2016 Olympic Boxing Was Rigged By AIBA Officials, Report Says

  • Multiple boxing matches at the 2016 Olympic Games were rigged by AIBA officials.
  • At least 11 matches were impacted, and there were both internal and external forms of corruption.
  • The evidence in the report is described as “the tip of the iceberg”.

RIO DI JANEIRO - Richard McLaren, an independent investigator, has found evidence that the boxing matches at the 2016 Olympic Games were rigged.

McLaren was appointed by AIBA, the governing body of international boxing, and found that “A system for the manipulation of bouts by officials existed at Rio.”

Those in charge of the Rio Games had assigned “complicit and compliant” officials to “specific bouts to ensure the manipulation of outcomes.”

The corruption was widespread and well thought out. The report claims that AIBA officials began the process during the preliminary qualifications for the Rio Games, improving it as they got closer and closer to the final dates.

The seventh point of the executive summary’s key findings section lays out the basic conclusion - that boxing bouts at the Rio games were manipulated by corrupt judges and referees, acting as part of a conspiracy with AIBA officials.

“Bouts were manipulated for money, perceived benefit of AIBA, or to thank National Federations and their Olympic committees, and, on occasion, hosts of competitions for their financial support and political backing,” the report reads.

“The investigation to date has concluded that such manipulation involved significant six figure sums on occasion. The evidence the MIIT found is thought to be the tip of the iceberg.”

How Many Bouts Were Impacted?

There were accusations of rigging at the time of the 2016 Games, most famously from Irish boxer Michael Conlan, who lost a decision to Vladimir Nikitin of Russia in the semifinals.

The decision loss was not met well by Conlan, who flipped double birds to the judges and went on to accuse both AIBA and Russia of rigging the fight - accusations that are now potentially supported by this report.

Indeed, the report claims that there were up to 11 bouts impacted, but also notes that it is possible that there are far more suspicious bouts due to a short analysis time before the report was released.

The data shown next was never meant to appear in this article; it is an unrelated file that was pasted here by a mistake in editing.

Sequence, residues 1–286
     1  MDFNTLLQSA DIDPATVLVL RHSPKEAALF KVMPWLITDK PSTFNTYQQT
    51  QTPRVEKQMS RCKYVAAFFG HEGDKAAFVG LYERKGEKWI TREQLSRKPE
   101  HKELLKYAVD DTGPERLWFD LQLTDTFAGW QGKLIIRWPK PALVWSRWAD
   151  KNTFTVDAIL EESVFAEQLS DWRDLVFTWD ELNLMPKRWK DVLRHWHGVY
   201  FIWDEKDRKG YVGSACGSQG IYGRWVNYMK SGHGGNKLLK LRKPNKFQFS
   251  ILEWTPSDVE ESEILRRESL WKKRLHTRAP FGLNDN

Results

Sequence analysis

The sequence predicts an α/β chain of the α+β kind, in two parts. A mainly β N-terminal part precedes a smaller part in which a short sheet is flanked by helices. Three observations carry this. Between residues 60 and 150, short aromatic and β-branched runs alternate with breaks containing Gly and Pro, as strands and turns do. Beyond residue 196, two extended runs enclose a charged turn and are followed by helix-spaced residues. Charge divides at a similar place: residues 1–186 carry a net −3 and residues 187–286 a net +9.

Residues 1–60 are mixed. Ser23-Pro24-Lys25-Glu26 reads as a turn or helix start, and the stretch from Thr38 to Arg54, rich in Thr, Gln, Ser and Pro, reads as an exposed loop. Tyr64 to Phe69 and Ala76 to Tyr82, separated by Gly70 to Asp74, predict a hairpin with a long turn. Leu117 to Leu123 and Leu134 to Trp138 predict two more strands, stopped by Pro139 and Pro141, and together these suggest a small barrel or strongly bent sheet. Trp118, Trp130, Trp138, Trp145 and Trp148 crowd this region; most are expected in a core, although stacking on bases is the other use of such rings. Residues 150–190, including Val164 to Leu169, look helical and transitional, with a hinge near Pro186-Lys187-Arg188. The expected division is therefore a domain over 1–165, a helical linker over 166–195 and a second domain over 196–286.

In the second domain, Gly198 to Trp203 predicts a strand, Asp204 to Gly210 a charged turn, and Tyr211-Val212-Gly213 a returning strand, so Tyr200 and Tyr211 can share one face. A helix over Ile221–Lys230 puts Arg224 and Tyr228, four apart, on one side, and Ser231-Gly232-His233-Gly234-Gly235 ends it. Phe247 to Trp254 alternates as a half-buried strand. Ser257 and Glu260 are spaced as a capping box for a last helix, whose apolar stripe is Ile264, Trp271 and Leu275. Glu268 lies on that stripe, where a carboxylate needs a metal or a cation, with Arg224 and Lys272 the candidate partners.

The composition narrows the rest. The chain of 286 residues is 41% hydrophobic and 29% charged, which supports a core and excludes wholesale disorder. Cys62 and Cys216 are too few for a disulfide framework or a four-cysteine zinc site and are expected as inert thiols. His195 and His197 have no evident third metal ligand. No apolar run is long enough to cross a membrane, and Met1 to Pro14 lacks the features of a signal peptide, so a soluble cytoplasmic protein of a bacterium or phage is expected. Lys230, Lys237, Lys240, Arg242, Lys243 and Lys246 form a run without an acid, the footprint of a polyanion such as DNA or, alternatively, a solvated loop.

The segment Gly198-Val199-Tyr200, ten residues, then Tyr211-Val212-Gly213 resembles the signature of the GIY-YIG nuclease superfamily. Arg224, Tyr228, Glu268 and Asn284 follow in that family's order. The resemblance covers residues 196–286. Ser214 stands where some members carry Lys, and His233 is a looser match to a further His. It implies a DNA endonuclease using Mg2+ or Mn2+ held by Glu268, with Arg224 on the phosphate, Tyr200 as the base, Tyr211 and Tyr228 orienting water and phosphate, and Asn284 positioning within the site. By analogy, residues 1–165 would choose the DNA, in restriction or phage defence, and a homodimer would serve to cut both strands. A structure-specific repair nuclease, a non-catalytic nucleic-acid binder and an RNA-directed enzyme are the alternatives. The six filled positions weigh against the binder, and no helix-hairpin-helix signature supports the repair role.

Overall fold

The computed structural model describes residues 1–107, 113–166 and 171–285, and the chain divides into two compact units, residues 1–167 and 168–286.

Per the report:

“A comprehensive study of the bouts at Rio indicates approximately nine bouts that where suspicious beyond the two raised in the media at the time. It may be necessary to further examine those bouts for which no definitive conclusion can be made at this time. The problem with completing that analysis is due to the delayed receipt of five score bout sheets. Therefore, there may also be other bouts which are suspicious. However, the time for analysis was too short to include in this Report.”

Bribery Solicitation In Addition To Internal Rigging

While most of the rigging described in the report is based on political favor or thanking backers, there also appears to have been some more traditional corruption happening in Rio.

The data details an attempted bribe solicited regarding a match between Otgondalai Dorjnyambuu of Mongolia and Sofiane Oumiha of France.

Before the fight, Rakhymzhan Rysbayev, a high-level referee/judge, approached the Mongolian delegation and informed them that without a bribe, Dorjnyambuu would undoubtedly lose the matchup against Oumiha.

The bribe was ultimately not paid, and the Mongolian fighter lost with “very unusual scoring, especially for such a close bout,” according to the report.

These documents could be a blow to the credibility of boxing, and while it does note that AIBA has improved from what it describes as a “low point” during the 2016 games, these revelations could still be damaging, especially in the form of lower trust in boxing by sportsbooks and the online gambling community.